|Publication number||US4742900 A|
|Application number||US 07/090,587|
|Publication date||May 10, 1988|
|Filing date||Nov 13, 1986|
|Priority date||Nov 14, 1985|
|Also published as||DE3540436C1, DE8532226U1, EP0245403A1, EP0245403B1, WO1987002901A1|
|Publication number||07090587, 090587, PCT/1986/655, PCT/EP/1986/000655, PCT/EP/1986/00655, PCT/EP/86/000655, PCT/EP/86/00655, PCT/EP1986/000655, PCT/EP1986/00655, PCT/EP1986000655, PCT/EP198600655, PCT/EP86/000655, PCT/EP86/00655, PCT/EP86000655, PCT/EP8600655, US 4742900 A, US 4742900A, US-A-4742900, US4742900 A, US4742900A|
|Original Assignee||Paul Boxhammer|
|Export Citation||BiBTeX, EndNote, RefMan|
|Patent Citations (9), Referenced by (20), Classifications (11), Legal Events (3)|
|External Links: USPTO, USPTO Assignment, Espacenet|
The invention relates to a convertible suitcase to be transformed into a seating or lying piece of furniture, comprising two hingedly connected suitcase shells which can be locked in folded condition and at least one head or foot portion housed in the suitcase and pivotably connected to one of the suitcase shells so that it can be unfolded when the suitcase is open.
A known suitcase of this kind (DE-B 1 957 062) which can be converted into a bed for children has its two suitcase shells, which, in unfolded state, form a flat lying surface presented by the inner surfaces of their bottoms, the lying surface being limited at its narrow sides by a head or foot portion, respectively, swung vertically upwardly. Handles are pivotably connected to the outside of both suitcase shells. When the suitcase is closed, they serve as carrying handles, and when the bed is unfolded, they serve as support handles being connected by crank arms to the head or foot portion, respectively, such that each handle can be pivoted only together with the associated head or foot portion. Furthermore, side portions are pivotably connected to the head portion, extending across half the length of the bed and adapted to be connected to a corresponding side portion pivoted at the foot portion, whereby any unintentional collapse of the bed is prevented. In folded condition, the two suitcase shells can be locked together by a closure. Yet when the bed is erected, unauthorized folding cannot be prevented. Only in folded condition may the suitcase be used as a container for storing things.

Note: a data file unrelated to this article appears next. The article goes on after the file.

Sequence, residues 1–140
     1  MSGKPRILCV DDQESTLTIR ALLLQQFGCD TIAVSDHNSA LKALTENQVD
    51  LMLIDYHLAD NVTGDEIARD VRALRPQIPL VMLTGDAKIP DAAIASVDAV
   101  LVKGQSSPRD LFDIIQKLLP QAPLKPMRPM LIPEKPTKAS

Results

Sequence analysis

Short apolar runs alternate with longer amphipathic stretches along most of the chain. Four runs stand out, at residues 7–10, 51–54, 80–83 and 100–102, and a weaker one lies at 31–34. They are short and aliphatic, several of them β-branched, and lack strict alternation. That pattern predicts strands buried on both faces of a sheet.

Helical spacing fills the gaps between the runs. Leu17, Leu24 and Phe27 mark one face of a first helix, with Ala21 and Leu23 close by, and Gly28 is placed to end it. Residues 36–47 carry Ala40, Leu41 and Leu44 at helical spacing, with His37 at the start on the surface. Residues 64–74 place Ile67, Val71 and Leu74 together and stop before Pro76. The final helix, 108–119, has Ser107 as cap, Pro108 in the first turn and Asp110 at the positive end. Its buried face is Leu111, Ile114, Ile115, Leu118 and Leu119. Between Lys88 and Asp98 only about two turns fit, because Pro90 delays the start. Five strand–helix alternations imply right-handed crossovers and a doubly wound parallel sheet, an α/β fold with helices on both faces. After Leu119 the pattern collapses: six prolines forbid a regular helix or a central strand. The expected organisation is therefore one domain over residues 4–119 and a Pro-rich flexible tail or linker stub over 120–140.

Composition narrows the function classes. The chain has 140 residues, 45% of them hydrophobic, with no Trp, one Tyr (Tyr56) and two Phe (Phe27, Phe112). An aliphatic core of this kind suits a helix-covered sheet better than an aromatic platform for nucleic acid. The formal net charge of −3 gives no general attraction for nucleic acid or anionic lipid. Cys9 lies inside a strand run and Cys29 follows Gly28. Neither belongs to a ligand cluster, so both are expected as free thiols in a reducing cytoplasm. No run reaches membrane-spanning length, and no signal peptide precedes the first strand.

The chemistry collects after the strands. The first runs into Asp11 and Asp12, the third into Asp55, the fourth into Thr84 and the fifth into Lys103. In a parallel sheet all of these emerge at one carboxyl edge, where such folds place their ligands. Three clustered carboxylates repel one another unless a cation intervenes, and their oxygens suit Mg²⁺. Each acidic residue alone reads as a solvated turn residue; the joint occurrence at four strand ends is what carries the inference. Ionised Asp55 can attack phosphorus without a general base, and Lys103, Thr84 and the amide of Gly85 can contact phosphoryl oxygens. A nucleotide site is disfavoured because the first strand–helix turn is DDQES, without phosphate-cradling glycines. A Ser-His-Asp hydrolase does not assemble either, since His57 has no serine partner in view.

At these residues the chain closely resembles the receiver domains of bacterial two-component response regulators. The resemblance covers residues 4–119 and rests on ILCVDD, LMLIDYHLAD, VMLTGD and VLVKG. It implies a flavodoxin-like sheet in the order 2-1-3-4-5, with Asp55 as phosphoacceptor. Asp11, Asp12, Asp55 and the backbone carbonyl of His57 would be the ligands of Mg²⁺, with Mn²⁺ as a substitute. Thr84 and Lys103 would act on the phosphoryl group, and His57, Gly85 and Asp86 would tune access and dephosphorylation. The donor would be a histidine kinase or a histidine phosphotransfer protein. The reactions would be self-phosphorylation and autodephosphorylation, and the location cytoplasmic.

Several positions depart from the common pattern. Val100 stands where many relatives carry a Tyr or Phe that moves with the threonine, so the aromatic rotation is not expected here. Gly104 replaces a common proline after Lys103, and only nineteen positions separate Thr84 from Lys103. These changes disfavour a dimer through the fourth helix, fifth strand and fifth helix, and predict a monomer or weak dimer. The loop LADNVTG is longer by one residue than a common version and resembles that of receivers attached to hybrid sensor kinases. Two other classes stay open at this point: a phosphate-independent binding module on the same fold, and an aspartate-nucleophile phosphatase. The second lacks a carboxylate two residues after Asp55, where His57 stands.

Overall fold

For some time already, a demand has been known for a suitcase convertible into a lying piece of furniture to be useful as a lockable container for keeping things even when in use as a lying piece of furniture. A known suitcase meeting this demand (DE-A-141 740) has two suitcase shells which can be totally separated in unfolded condition and are each closed by a lid provided with a lock. An end portion each of a fabric web is attached to the two lids, and the fabric web can be extended between the two separated suitcase shells and kept tight by braces adapted to be fixed to the two suitcase shells and slid into seams along the edges of the fabric web. Again, safety measures against any unintended folding of the lying piece of furniture made from the suitcase are missing so that it is no problem for a thief to carry off unnoticed the folded bed which has been reconverted into a normal suitcase, plus any other contents of the suitcase.